Biomedical technology

Candy-coated pills could prevent pharmaceutical fraud

While most of us were baking sourdough bread and watching "Tiger King" to stay sane during the pandemic shutdown, UC Riverside bioengineering professor William Grover kept busy counting the colorful candy sprinkles perched ...

Diseases, Conditions, Syndromes

I've tested positive for COVID. What should I do now?

For two years, COVID has dominated our world. In Australia, we've tested every sniffle, undergone extensive lockdowns, and double-vaccinated more than 90% of adults to combat this lethal virus.

Health

Reducing salt in bread without sacrificing taste

Most people in the U.S. consume too much salt; adult Americans typically eat twice the daily amount recommended by dietary guidelines. Bread may not seem like an obvious culprit; however, due to high consumption and relatively ...

Cardiology

Low-carb diet shown to improve cardiometabolic risk profile

Low-carbohydrate diets are popular for weight loss and diabetes control. However, for most of the past 50 years, medical and public health experts have instead embraced low-fat diets, concerned about the health effects of ...

Cardiology

What should I eat to avoid heart disease?

Plant-based foods should dominate heart healthy diets, according to a paper published today in Cardiovascular Research, a journal of the European Society of Cardiology (ESC). This comprehensive review of research on food ...

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Bread

Bread is a staple food prepared by cooking a dough of flour and water and often additional ingredients. Doughs are usually baked, but in some cuisines breads are steamed (e.g., mantou), fried (e.g., puri), or baked on an unoiled frying pan (e.g., tortillas). It may be leavened or unleavened. Salt, fat and leavening agents such as yeast and baking soda are common ingredients, though bread may contain other ingredients, such as milk, egg, sugar, spice, fruit (such as raisins), vegetables (such as onion), nuts (such as walnuts) or seeds (such as poppy). Referred to colloquially as the "staff of life", bread has been prepared for at least 30,000 years. The development of leavened bread can probably also be traced to prehistoric times. Sometimes, the word bread refers to a sweetened loaf cake, often containing appealing ingredients like dried fruit, chocolate chips, nuts or spices, such as pumpkin bread, banana bread or gingerbread.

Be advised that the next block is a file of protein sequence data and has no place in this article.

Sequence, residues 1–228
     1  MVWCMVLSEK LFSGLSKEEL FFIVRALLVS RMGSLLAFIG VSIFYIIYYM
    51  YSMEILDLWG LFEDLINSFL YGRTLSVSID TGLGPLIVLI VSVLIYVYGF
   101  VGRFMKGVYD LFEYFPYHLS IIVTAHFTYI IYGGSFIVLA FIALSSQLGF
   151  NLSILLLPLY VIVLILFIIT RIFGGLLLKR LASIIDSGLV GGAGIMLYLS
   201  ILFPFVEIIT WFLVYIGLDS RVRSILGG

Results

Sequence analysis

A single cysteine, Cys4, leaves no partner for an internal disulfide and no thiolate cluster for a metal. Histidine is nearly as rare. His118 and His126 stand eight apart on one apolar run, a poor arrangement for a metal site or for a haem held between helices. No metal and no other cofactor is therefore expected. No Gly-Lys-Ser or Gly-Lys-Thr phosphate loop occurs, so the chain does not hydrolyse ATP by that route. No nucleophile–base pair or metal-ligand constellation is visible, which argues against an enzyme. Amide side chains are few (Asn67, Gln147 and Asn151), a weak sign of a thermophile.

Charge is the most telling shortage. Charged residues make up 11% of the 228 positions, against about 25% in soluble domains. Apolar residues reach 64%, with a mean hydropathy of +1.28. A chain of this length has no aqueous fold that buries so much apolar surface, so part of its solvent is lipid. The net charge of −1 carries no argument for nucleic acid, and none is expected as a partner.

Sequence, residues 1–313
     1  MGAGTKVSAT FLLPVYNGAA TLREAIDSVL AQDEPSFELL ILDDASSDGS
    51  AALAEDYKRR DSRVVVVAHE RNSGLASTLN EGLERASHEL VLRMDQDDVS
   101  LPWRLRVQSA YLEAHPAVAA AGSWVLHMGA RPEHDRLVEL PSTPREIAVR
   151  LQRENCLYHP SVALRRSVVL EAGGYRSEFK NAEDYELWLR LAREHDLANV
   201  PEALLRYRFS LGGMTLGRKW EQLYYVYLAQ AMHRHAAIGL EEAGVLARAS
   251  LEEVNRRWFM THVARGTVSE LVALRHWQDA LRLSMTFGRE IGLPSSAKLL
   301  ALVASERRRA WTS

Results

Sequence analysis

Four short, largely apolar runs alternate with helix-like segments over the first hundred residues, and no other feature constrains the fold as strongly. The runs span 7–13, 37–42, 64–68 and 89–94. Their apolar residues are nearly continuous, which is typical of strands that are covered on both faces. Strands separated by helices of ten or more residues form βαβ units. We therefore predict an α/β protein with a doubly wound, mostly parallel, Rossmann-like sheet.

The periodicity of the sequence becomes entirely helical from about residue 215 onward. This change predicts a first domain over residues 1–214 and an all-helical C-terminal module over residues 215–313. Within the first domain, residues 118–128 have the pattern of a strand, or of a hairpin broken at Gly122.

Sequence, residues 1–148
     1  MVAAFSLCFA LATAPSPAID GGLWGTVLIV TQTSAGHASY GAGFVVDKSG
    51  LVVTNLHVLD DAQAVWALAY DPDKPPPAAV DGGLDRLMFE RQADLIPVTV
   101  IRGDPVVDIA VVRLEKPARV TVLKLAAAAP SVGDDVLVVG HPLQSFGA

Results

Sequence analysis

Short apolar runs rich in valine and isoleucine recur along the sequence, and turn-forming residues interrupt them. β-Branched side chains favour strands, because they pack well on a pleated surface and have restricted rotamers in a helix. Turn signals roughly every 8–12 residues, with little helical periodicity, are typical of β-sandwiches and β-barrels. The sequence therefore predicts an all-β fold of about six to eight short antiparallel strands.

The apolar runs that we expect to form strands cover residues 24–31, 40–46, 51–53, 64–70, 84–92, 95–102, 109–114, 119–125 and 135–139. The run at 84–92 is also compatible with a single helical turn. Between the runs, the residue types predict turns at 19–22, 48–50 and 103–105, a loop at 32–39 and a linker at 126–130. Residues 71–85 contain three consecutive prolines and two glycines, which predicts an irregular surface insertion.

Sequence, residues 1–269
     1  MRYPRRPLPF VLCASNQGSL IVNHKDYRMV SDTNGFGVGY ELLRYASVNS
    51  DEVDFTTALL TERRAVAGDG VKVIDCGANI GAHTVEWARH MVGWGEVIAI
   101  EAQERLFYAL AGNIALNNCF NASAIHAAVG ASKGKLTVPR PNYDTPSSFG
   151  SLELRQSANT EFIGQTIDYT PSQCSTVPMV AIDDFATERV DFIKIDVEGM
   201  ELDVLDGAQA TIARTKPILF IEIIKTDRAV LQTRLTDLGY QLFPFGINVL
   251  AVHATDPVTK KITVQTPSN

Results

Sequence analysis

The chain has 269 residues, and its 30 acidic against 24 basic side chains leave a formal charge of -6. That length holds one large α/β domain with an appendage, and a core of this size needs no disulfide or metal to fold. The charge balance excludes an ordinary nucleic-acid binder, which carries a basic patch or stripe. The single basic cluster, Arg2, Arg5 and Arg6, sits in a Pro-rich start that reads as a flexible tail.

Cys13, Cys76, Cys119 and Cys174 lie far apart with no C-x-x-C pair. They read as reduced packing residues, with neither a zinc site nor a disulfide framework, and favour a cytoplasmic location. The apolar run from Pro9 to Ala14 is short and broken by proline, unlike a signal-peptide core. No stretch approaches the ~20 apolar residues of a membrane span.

Fresh bread is prized for its taste, aroma, quality, appearance and texture. Retaining its freshness is important to keep it appetizing. Bread that has stiffened or dried past its prime is said to be stale. Modern bread is sometimes wrapped in paper or plastic film or stored in a container such as a breadbox to reduce drying. Bread that is kept in warm, moist environments is prone to the growth of mold. Bread kept at low temperatures, in a refrigerator for example, will develop mold growth more slowly than bread kept at room temperature, but will turn stale quickly due to retrogradation.

The soft, inner part of bread is known to bakers and other culinary professionals as the crumb, which is not to be confused with small bits of bread that often fall off, called crumbs. The outer hard portion of bread is called the crust.

This text uses material from Wikipedia, licensed under CC BY-SA